At the beginning of The Year of Magical Thinking, Joan Didion acknowledges that the audience might not want to hear her story because we don't think it could happen to us.
"It will happen to you," Didion says with a rueful smile, and of course she's right.
That's Didion the character, movingly played by Vickie Daignault in Stageworks' production of the play, written by the real Joan Didion, acclaimed novelist and journalist, and based on her bestselling 2005 memoir of the same title.
The memoir is about Didion's reaction to the sudden death of her husband, John Gregory Dunne, in 2003. During their marriage of almost 40 years, they shared their personal and professional lives, working as journalists, novelists and screenwriters, sometimes in collaboration. They also raised an adopted daughter, Quintana.
In late 2003, Quintana was hospitalized with pneumonia. Didion and Dunne came home from visiting her and were sitting down to dinner when he keeled over. As Didion tells us in the play, "He was there, then he wasn't."
The memoir captures the numbness, denial, delirium, rage and everything else that follows, including the "magical thinking" that if she did everything right Dunne might somehow come back. She even kept his shoes "because he would need them."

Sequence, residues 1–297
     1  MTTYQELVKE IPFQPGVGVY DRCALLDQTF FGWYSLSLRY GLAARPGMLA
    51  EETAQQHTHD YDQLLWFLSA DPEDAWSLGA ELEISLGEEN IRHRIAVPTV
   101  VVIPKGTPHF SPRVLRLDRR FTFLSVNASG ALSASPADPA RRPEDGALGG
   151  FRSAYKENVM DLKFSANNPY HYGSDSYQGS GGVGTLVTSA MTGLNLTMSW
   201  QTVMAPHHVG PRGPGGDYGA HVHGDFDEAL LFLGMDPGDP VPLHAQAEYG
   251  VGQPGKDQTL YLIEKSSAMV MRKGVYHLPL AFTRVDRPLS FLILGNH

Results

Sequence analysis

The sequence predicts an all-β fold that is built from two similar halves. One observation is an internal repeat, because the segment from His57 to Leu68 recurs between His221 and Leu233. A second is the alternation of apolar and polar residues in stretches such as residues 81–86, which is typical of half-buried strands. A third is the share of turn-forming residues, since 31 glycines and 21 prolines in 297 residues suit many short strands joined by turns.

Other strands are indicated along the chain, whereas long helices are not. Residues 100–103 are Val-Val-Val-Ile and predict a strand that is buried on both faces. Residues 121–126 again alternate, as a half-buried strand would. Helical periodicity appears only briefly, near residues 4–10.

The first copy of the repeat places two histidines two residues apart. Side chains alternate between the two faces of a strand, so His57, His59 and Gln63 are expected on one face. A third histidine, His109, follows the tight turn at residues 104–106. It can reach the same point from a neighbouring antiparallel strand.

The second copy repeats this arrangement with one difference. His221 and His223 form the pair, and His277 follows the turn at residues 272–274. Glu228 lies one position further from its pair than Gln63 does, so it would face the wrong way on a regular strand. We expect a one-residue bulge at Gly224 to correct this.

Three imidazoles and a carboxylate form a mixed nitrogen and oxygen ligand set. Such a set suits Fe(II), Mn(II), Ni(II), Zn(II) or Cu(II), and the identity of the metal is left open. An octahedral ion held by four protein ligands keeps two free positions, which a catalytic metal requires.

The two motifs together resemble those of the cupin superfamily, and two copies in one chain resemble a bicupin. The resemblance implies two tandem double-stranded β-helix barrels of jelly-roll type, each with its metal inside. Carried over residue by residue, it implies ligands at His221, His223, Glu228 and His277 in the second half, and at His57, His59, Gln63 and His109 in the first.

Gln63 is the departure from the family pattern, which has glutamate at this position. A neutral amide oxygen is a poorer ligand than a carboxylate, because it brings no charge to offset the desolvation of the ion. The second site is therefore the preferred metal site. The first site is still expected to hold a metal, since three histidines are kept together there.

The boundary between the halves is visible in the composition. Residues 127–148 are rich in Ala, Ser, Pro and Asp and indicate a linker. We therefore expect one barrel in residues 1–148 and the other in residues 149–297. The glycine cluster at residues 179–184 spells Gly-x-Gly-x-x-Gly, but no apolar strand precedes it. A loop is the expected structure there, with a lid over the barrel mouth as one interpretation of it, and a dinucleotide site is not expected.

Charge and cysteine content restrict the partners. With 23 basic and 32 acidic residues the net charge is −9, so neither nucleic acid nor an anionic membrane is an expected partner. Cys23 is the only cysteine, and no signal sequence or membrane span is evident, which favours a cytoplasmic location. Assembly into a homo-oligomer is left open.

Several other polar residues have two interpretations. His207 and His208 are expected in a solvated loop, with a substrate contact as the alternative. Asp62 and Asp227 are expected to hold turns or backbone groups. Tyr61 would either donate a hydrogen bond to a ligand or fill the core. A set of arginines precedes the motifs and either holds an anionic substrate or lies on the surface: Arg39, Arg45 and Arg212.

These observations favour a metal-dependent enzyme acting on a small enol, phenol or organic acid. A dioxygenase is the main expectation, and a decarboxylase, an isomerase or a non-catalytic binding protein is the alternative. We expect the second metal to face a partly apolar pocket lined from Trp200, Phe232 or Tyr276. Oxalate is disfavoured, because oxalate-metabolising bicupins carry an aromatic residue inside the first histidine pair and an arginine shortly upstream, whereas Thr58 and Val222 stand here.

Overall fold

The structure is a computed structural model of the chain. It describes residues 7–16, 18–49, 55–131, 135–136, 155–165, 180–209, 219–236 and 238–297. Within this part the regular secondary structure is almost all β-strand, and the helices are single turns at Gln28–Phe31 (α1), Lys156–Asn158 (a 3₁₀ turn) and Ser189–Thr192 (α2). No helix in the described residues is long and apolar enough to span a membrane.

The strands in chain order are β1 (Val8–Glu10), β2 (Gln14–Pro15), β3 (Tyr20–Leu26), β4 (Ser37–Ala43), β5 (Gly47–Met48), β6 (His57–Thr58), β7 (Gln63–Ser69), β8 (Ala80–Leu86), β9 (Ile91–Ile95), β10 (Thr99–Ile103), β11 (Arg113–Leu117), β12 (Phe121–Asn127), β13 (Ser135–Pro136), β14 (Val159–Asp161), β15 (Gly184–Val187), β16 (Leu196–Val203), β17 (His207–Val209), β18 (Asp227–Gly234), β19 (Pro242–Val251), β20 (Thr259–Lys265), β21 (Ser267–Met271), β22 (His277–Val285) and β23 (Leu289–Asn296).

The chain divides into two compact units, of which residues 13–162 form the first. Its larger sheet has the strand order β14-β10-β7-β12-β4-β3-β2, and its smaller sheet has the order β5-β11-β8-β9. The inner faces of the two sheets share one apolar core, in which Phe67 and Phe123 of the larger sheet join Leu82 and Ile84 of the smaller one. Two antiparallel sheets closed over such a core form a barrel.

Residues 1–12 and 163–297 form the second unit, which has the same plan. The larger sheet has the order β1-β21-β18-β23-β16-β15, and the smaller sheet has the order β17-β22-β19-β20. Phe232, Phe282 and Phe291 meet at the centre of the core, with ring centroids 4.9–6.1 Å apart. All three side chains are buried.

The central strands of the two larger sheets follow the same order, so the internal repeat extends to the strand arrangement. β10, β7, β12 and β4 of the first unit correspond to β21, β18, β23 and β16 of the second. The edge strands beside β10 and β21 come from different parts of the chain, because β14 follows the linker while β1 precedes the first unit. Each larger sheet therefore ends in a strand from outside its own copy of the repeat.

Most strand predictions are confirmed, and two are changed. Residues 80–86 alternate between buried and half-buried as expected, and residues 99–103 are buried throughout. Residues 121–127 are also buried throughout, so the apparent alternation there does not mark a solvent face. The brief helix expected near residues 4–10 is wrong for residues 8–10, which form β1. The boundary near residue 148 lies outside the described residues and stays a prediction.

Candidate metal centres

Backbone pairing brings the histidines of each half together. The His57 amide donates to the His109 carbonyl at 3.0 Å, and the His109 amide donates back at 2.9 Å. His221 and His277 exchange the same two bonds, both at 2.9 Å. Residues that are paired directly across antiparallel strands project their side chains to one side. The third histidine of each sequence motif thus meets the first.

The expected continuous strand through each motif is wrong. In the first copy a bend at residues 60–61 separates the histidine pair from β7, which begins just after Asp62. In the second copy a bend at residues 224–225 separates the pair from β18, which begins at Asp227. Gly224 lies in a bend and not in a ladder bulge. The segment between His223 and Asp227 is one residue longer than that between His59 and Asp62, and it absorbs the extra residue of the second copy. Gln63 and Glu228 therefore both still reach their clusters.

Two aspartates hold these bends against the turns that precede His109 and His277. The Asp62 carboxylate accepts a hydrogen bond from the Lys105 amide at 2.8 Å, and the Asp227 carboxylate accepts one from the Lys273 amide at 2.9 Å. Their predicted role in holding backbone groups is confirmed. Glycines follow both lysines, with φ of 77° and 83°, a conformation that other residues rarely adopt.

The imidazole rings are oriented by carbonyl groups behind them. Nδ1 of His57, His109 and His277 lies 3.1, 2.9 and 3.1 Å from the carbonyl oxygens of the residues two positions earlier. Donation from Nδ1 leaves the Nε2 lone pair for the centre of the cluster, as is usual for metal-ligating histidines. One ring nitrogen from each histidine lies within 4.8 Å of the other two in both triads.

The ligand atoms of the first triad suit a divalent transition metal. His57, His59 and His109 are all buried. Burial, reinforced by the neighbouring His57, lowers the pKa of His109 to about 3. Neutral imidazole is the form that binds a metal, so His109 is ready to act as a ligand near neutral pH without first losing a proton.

For the play, Didion adapted that memoir and combined it with material from another, Blue Night, which she wrote after the staggering sequel to Dunne's death: Less than two years later, Quintana died as well.
(For details about how Didion, 82, developed the play with playwright-director David Hare, and many more details about her life, see the new Netflix documentary The Center Will Not Hold, made by her nephew, actor-director Griffin Dunne.)
The stage version of The Year of Magical Thinking is a one-woman show. Just delivering this 90-minute monologue is a feat, and Daignault does it with skill and subtlety. She's alone on stage, but a few props and a robustly physical performance make the play much more than a lecture. Daignault doesn't resemble the real-life Didion, but that's not important — as particular as this story is, it's even more universal.
Simply dressed in a white dress and green-gold wrap, Daignault delivers her lines mostly in cool, clipped tones that convey the quality of Didion's spare, understated prose. When grief ambushes her and she finally breaks down in wordless howls, the contrast makes it all the more affecting.
Her voice is the play's central element, and the staging emphasizes that. The simple set evokes a child's drawing: the outline of a house, a bare tree and its fallen leaves, a chair, all in autumnal colors.
It's an exploration of grief that is raw and refined at once. Didion tells us near the play's end that she understands we'd like to think she's crazy. "If I'm sane, what happened to me could happen to you.
"It's safer to think I'm crazy."
Contact Colette Bancroft at firstname.lastname@example.org or (727) 893-8435.